Please, if you are reading this, call someone. Write something.  Email or tweet or get an appointment with your Governor or your State Superintendent.  Small ripples can cross large bodies of water.

Sometimes we “Nice” people must shake off our Hobbit-like niceness to detect and expose real and dangerous lies, worrying less about whether we may be perceived as “Nice” and more about how fast the power to direct the lives of our own children is being robbed by the thieves and enemies of Constitutional freedom.

I am standing here, calling the U.S. Department of Education a granddaddy of lies and unconstitutional actions.

That they are lies is indisputable.  Check the links.  Read your U.S. Constitution.

arne

A SHORT LIST OF (RECENT) LIES FROM THE U.S. DEPT OF EDUCATION– BASED ON DUNCAN’S “FINAL RULE” FROM ESEA REAUTHORIZATION AND ON S1787, A BILL NOW SITTING IN CONGRESS:

–That federalizing education (“phasing out the authority of states”)– so that states will lack authority to define who is and who isn’t “special needs” or disadvantaged– is good, and is constitutionally legitimate;

–That states have lost their constitutional authority to give alternative tests to special needs children;

–That Duncan, making a state-and-school-authority-robbing “final rule,” is a constitutionally legitimate act, in harmony with common sense and parental/voter will.

–That S1787’s shifting of the center of a child’s universe away from home/church, toward government school as its center, is a legitimate goal and activity for the federal or state government;

—That forcing physically and mentally handicapped children to conform to the same curriculum and testing is a good plan;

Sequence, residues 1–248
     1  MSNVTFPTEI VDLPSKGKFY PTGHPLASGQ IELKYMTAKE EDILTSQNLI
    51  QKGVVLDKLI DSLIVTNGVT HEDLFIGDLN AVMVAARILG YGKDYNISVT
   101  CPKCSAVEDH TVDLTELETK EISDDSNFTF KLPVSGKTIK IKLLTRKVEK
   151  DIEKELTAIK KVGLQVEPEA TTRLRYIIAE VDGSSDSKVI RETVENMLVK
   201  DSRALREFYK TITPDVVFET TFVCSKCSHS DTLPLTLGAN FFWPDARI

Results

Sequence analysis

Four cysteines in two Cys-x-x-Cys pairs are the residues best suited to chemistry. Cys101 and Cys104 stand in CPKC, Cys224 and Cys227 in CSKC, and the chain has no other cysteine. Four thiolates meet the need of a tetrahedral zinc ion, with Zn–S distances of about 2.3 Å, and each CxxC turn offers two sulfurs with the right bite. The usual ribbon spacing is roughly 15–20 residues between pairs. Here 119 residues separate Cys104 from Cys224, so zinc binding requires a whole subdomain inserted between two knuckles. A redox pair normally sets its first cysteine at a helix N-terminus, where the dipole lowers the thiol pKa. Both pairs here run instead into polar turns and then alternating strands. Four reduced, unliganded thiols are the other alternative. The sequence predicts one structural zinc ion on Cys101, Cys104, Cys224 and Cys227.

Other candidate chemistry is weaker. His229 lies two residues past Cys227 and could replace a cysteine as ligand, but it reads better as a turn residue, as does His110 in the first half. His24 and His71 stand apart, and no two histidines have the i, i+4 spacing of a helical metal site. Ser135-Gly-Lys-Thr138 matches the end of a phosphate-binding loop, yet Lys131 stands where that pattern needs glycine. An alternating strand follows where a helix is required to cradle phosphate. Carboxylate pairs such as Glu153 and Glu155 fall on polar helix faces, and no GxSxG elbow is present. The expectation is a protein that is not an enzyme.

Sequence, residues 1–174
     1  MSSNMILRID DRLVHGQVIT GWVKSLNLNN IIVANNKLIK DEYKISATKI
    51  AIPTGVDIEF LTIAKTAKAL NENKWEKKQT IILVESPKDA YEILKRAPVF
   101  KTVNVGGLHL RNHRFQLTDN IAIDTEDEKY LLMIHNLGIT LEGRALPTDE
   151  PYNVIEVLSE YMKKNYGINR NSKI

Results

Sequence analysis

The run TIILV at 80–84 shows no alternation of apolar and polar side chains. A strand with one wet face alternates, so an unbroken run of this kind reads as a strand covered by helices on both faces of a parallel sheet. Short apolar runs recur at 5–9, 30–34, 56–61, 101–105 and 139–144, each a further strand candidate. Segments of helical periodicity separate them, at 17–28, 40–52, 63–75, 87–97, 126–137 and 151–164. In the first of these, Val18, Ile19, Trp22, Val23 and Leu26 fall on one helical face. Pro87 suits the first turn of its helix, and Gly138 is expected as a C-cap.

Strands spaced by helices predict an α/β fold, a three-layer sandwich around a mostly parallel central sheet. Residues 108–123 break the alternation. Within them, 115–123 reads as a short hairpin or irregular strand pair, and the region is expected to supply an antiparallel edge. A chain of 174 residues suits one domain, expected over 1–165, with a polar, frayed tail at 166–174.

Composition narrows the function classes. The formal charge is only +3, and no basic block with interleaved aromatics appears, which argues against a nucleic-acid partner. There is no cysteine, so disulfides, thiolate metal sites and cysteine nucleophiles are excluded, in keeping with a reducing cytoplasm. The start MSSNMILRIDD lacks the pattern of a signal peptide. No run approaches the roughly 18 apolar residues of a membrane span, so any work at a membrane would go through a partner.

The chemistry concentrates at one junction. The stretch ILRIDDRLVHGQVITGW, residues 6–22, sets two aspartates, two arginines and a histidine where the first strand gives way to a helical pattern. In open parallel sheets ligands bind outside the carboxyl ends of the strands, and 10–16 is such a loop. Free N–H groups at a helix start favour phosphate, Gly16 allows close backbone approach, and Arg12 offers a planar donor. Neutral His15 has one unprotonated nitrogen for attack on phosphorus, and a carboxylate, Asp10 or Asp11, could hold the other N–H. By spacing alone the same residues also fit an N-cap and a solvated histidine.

—That even genius children and even mentally handicapped children will benefit when the same curriculum is mandated for all; as when the White House writes: “Including students with disabilities in more accessible general assessments aligned to college- and career-ready standards promotes high expectations for students with disabilities, ensures that they will have access to grade-level content, and supports high-quality instruction designed to enable students with disabilities to be involved in, and make progress in, the general education curriculum—that is, the same curriculum as for nondisabled students.”

These are a few lies.  There are more.

 

Support Utah’s $30M Fund to Flee Federal Purse Strings   Leave a comment

Please contact Utah’s legislators to support the bill that would set aside $30M of Utah’s taxes to allow Utah to say “no” to federal mandates with federal money attached.

http://www.utahnsagainstcommoncore.com/cutting-the-federal-ties-step-1/

We have to have money to run our schools. But federal money is weighed down with federal mandates that hurt our teachers, students, and parental rights. We need Utah’s own money to reclaim Utah’s freedom over education.

To make this simple: Think of Utah as a prisoner in a tall tower without a ladder. The act of setting aside $30M is like the prisoner saving pieces of string to build the rope ladder that can make the escape.  The money is the escape ladder.

 

Thank you, Wendell Ashby.